"Mid Size Power Boats": A Guide for Discreminating Buyers - by David Pascoe

The Hull-to-Deck Joint

A Critical Look at
This Often Under-rated Element of Boat Quality


Have you ever looked at boat in which the interior was full of mildew, or all the cabinets and storage areas had rust stains from rusty tools, canned food and so on? Or the rub rails were all dented with screws popping out or missing, with extensive stress cracking along the toe rails? Or you look up under the forward cabin berths and find puddles of water, water stains and loads of mildew. Or perhaps the liners on the sides of the hull are full of water stains.

If you have, then most likely you've witnessed the effects on a boat that has a leaking hull-to-deck joint. Unfortunately, a lot of boat builders give the manner in which the deck is attached to the hull short shrift because it is quite time-consuming to create a deck joint that is both strong and water tight. 

That very large numbers of boats, both large and small, power and sail, have inferior deck joints is probably the result of the fact that the effects of a weak joint don't start showing up until the boat is getting on in years. Here's why:

Most decks are simply attached by means of screws. The deck creates a simple vertical lap joint that fits over the hull much like a shoe box lid. Then they squirt some caulking up in the gap and then just run screws through the two parts, as shown in the illustration below. With a little study of this illustration, it's not hard to see how and why this might become a problem. Fiberglass is just that, silicon glass in the form of fibers set in a matrix of plastic resin. Unfortunately, both these materials are somewhat brittle.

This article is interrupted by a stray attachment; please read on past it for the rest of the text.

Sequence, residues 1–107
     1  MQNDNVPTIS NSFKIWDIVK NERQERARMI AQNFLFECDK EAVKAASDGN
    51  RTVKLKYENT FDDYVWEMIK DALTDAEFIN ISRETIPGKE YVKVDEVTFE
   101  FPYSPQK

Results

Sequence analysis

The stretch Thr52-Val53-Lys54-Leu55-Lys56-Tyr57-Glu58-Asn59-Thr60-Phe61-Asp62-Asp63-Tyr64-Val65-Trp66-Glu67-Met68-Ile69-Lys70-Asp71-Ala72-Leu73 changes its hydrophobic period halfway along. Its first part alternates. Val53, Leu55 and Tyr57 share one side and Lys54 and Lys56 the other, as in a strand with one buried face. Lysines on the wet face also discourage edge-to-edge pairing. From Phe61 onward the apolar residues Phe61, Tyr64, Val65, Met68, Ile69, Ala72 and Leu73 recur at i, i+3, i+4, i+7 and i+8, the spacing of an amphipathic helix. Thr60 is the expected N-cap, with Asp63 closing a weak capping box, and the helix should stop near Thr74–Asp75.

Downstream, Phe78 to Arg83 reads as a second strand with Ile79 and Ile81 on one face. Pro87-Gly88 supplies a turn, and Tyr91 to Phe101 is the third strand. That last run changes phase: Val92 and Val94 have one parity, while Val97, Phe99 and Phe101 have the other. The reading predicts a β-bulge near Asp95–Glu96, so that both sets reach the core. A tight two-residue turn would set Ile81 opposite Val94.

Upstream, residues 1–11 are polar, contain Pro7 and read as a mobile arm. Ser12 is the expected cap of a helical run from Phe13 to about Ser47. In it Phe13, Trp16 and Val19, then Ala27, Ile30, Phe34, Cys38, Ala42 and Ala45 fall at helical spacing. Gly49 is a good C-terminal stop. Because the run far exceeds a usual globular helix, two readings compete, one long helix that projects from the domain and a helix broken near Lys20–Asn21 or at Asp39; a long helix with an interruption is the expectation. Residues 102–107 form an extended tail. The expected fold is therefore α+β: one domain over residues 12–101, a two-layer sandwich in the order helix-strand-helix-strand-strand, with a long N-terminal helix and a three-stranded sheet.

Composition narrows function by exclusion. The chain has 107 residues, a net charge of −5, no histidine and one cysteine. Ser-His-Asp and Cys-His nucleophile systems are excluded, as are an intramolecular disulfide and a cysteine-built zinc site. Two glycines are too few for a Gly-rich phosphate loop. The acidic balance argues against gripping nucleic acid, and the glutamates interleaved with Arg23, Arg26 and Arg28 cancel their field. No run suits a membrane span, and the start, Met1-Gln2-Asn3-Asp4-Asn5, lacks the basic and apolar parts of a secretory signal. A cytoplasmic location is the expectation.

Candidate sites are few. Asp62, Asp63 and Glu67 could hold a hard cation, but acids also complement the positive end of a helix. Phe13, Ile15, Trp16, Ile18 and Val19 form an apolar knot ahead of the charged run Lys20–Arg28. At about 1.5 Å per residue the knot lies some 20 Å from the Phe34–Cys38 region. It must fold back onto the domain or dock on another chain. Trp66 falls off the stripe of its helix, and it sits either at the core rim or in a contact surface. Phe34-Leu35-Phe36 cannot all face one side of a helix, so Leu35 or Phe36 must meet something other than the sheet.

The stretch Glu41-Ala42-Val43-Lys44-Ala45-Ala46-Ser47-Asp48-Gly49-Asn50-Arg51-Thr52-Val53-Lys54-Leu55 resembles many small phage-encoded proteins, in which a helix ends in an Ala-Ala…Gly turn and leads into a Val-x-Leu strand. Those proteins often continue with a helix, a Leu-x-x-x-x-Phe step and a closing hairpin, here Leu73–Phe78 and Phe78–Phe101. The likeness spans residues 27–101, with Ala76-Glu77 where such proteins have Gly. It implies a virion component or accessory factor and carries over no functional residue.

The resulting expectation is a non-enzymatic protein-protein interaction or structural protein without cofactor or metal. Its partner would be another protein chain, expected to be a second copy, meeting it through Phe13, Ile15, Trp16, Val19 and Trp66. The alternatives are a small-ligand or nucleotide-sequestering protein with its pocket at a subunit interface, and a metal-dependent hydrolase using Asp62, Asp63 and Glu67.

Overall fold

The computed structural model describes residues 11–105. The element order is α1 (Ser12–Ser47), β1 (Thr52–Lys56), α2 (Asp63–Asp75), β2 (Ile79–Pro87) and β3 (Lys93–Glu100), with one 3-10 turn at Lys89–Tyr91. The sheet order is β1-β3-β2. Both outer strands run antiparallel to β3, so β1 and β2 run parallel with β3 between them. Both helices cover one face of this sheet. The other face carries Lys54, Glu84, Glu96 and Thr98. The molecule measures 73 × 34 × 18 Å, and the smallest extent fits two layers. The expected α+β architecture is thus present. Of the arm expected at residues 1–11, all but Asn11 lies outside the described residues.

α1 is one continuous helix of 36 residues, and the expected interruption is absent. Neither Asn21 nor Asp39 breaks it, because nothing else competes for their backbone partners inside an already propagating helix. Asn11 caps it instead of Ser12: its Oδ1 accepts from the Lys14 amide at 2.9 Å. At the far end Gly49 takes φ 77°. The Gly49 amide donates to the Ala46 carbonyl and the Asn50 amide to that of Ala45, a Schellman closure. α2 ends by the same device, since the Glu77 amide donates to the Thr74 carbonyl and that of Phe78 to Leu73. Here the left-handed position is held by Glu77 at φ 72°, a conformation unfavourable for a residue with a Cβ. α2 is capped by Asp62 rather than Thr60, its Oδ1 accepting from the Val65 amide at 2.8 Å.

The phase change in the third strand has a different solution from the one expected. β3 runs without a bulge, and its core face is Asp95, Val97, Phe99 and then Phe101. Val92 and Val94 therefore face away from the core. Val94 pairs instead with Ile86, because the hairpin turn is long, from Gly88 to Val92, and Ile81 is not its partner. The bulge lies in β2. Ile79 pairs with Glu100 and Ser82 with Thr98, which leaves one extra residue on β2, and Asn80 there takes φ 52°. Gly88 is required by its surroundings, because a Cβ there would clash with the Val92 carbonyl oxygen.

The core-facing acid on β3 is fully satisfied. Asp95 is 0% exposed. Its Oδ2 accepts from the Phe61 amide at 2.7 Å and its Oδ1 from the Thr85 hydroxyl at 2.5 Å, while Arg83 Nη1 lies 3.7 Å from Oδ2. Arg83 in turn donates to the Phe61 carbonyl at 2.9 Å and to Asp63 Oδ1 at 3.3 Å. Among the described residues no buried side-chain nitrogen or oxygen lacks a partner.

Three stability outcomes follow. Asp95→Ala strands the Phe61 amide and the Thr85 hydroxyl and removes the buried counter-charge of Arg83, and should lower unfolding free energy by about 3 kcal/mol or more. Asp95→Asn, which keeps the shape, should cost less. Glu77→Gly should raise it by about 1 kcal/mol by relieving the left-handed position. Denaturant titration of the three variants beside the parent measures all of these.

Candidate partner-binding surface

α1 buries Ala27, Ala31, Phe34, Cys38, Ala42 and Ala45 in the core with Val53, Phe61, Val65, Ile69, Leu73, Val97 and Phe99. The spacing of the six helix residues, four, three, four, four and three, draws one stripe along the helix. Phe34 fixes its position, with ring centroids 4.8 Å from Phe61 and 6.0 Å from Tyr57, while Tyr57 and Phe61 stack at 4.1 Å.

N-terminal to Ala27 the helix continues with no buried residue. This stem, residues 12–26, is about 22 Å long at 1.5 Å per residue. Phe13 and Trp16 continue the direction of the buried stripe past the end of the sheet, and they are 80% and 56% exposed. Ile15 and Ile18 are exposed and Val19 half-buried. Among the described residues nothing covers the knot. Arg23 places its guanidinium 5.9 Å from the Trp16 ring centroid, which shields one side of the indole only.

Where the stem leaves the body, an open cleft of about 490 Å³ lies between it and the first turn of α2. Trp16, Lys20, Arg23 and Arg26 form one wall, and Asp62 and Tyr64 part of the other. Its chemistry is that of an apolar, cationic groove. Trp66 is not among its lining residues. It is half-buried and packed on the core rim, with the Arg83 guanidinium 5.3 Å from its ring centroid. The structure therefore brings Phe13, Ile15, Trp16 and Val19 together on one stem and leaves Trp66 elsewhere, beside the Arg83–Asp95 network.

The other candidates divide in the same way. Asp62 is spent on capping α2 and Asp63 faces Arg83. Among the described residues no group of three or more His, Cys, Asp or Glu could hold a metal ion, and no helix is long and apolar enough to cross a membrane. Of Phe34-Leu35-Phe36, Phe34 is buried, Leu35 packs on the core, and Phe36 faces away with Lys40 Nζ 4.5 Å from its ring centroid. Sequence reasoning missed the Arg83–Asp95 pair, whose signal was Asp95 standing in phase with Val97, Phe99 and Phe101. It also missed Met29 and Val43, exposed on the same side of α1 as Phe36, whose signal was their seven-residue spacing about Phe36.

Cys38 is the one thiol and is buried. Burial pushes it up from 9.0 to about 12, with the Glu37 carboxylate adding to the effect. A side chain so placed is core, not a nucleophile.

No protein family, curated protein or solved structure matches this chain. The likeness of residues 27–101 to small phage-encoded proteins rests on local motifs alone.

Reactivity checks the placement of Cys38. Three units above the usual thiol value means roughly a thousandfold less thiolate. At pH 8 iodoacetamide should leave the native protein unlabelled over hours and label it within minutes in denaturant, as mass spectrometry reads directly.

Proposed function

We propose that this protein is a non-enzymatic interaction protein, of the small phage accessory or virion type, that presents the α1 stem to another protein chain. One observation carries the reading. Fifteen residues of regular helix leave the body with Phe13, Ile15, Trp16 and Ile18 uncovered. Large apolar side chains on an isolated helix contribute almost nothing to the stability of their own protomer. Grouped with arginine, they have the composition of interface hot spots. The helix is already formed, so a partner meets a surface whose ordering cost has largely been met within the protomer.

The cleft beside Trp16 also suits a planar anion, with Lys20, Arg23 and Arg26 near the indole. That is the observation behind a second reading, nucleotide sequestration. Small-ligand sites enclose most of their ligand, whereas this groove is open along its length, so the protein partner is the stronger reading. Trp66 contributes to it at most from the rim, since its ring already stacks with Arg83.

This section view more clearly illustrates why simply screwing a deck onto a hull is not acceptable.

You can imagine what would happen if you tried to drill a hole in a plate glass window and run a screw into it. Well, a laminate of plastic and glass fibers is not a whole lot better in terms of supporting a screw that is subject to impacts and heavy loads, as a deck joint surely is.